Cambridgeshire was also a place of industry, based on farming needs; its oddest industry was coprolite-digging, the extraction of phosphatised clay nodules for fertiliser. Coprolites occurred in a belt from Soham to Barrington and were exhausted in a rush between 1850 and 1890. It was an industry unique in England. Nodules were excavated in trenches, yielding 300 tons an acre.
Why did coprolite production start at this particular time? There are two important factors to consider; partly the increase of geological knowledge and above all the accidental discovery of the mineral by someone who was certainly no geologist. A miller named John Ball, of Burwell, owned land just outside the town, on the Fenland edge. How exactly he came across the coprolites will never be known. He may have discovered that his turnips were growing with extraordinary liveliness and dug the earth up to see what was underneath. But what is certain is that in 1851 he discovered the hard rounded fossils which, at that spot, would only have been a few feet below ground, in the Greensand. He dug out a quantity and according to Lucas (1931), a fenland doctor who had heard the story by word of mouth, washed the clay off them and ground them to a powder in his windmill. He then treated the powder with an acid to make a fertiliser. This process was probably similar to that used for processing bones and dried blood for manure and this explains his seemingly broad scientific knowledge.
Apart from Ball's activities, there is very little evidence of anyone mining coprolite until the end of the 1850's. There are two main reasons for this. Firstly, in such a widespread and traditional industry as agriculture, practices always take a long time to catch a hold; in the same way, crop rotation spread extremely slowly. Ball probably found sales difficult enough, even though he was the only producer in the field. Added to the difficulties of opening a market, there were transportation problems; the railway network was still limited and river tolls still high. The second important factor was the public's lack of accurate geological knowledge that was so important with thin seams of mineral. Even university geologists had little experience in the complexities of the Gault and Chalk Marl, let alone the average landowner or tenant farmer. It seems that, up to 1860, most coprolite was only discovered accidentally.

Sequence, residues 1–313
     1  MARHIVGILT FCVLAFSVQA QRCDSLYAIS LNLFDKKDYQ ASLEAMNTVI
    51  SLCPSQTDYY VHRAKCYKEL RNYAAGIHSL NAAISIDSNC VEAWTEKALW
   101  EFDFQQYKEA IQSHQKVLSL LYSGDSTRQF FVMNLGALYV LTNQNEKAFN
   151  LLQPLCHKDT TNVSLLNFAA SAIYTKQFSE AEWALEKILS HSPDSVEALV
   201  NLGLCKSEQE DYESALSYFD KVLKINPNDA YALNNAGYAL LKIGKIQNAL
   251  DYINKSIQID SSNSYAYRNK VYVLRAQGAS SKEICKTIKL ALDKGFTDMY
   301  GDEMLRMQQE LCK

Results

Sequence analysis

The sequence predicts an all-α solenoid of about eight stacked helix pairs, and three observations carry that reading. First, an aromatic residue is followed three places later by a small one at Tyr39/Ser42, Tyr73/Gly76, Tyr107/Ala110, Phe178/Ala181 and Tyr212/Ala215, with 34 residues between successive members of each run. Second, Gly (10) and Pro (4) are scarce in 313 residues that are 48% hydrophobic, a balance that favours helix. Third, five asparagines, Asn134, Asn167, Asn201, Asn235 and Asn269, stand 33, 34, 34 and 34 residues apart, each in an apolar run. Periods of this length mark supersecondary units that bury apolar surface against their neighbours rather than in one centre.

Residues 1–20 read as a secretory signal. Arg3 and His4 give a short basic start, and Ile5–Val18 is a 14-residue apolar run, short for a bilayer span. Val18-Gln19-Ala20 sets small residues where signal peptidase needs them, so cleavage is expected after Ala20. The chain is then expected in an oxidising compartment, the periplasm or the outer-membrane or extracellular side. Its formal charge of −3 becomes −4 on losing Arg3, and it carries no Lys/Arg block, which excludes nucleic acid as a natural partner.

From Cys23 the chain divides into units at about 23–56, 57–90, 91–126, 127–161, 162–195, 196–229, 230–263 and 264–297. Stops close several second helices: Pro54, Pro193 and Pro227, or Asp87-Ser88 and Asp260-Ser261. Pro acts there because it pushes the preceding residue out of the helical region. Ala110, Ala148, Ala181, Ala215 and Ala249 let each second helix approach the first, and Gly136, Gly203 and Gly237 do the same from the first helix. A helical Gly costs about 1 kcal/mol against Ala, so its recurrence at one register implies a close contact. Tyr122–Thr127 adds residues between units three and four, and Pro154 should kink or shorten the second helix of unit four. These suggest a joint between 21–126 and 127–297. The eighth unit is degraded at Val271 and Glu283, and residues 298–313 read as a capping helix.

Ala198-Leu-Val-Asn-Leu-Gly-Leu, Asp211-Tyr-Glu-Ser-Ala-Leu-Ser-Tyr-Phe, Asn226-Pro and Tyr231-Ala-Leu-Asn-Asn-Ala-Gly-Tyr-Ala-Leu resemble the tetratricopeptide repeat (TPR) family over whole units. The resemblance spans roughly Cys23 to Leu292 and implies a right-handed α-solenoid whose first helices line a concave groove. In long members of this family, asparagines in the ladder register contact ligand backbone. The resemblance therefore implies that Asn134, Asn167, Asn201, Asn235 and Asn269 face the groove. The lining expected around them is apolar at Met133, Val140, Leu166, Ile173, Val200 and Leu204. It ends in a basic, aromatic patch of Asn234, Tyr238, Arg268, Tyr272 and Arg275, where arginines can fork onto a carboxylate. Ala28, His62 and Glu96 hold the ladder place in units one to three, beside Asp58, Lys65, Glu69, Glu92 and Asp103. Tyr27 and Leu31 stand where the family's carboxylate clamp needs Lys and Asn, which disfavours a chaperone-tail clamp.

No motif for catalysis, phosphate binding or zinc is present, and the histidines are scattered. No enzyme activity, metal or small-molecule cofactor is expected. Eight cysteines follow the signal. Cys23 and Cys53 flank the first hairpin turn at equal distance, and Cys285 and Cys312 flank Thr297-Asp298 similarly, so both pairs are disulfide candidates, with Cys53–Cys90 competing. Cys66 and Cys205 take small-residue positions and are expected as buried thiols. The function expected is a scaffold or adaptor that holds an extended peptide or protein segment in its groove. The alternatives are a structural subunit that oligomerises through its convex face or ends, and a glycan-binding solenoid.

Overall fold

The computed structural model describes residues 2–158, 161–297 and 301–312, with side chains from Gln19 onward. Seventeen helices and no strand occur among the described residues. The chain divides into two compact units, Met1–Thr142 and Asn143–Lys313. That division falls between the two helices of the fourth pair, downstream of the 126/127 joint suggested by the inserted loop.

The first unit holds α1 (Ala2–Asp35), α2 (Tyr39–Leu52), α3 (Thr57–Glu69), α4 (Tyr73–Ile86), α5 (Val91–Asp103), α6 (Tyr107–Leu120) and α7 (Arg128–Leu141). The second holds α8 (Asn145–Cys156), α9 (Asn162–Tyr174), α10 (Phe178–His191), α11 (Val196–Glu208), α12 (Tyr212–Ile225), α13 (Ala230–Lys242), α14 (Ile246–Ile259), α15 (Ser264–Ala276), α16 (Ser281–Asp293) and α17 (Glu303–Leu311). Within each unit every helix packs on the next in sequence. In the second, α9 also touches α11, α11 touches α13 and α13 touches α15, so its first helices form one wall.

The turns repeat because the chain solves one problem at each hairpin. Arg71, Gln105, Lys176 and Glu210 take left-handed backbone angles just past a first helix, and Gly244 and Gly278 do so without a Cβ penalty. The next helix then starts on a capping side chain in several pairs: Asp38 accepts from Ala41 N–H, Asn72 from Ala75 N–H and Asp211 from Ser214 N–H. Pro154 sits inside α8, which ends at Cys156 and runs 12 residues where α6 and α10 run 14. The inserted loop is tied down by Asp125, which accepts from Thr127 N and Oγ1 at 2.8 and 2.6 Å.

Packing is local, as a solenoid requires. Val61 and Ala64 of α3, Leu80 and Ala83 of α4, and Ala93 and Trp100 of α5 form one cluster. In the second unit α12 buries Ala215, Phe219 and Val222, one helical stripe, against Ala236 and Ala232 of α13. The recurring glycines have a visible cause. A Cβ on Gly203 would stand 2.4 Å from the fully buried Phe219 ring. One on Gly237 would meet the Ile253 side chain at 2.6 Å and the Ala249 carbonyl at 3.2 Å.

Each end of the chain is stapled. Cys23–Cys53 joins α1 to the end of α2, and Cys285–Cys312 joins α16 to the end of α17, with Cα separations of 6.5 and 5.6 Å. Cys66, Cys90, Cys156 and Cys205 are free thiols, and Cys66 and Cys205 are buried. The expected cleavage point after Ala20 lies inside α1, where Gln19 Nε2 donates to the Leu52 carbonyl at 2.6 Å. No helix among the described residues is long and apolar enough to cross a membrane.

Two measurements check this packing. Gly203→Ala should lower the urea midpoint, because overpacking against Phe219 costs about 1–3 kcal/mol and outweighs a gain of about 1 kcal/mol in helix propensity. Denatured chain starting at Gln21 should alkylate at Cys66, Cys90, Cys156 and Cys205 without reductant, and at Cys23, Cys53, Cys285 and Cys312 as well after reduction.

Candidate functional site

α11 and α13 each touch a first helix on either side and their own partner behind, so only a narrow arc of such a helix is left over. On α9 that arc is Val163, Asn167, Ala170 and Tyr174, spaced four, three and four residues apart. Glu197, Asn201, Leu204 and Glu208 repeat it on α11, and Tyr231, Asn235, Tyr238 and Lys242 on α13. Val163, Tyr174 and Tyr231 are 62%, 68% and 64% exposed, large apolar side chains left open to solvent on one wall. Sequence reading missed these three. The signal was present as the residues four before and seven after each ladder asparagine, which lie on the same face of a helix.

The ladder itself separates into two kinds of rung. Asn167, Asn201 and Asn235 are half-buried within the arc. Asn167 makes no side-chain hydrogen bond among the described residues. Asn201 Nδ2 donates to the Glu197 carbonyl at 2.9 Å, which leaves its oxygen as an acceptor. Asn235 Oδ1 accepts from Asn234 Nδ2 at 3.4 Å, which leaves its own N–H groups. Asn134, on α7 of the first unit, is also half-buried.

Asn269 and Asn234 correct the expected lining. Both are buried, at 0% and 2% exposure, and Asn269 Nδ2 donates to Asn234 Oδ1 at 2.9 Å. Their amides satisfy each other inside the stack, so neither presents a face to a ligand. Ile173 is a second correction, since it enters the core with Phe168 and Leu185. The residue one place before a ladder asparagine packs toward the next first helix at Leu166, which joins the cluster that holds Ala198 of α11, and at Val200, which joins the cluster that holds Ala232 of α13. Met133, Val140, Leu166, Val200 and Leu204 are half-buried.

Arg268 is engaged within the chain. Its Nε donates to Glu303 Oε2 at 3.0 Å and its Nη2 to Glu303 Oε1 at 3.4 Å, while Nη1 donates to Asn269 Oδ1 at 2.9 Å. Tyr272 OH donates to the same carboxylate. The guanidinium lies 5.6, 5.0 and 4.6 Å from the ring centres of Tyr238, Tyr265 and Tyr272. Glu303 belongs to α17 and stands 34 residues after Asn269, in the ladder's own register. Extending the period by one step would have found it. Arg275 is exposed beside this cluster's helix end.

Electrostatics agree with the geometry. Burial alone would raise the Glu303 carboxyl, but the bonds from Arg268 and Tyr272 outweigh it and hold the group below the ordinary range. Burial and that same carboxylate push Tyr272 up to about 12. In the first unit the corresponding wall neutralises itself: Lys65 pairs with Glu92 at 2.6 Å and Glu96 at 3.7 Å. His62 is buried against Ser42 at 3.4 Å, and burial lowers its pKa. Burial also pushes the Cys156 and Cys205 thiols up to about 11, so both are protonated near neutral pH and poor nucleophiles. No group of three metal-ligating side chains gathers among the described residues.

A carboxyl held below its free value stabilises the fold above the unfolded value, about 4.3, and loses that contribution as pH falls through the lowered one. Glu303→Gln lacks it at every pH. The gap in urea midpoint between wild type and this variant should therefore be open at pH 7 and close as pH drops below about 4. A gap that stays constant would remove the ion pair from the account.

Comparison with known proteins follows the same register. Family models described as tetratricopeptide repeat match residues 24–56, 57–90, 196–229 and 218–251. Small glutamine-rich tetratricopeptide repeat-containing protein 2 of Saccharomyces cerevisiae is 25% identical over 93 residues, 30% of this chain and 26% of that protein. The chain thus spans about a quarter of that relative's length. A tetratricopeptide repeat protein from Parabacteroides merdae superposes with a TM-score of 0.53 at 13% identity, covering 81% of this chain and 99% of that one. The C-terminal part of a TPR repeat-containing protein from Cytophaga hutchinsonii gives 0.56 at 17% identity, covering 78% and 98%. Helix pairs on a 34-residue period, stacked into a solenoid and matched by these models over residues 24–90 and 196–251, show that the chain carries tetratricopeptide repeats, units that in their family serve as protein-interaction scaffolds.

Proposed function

The first recorded discovery of a coprolite bed after 1851 was at Cambridge in 1858 on Coldham's Common, probably where a pit was being dug for brickmaking. Practically all pits to the south were opened in the years 1858-70 and until 1872 there were no pits to the north of Cambridge except at Swaffham and Burwell. This is not to say that production was always higher in the former group; in fact, the converse is true. There are a number of possible reasons for this distinction. The first is a severely practical one; there was no bridge between Cambridge and Ely across the River Cam until one was built at Clayhithe in 1872, so that contact could be made with the railway at Waterbeach. Until then only sites adjacent to navigations were worked. There may also have been a great prejudice against disturbing the peat soil, the best in the world, until it was realised that bringing up the undersoil was beneficial. The balance between profits from normal agricultural activity and the costs of transporting the bulky coprolite must surely have been an important factor in production here.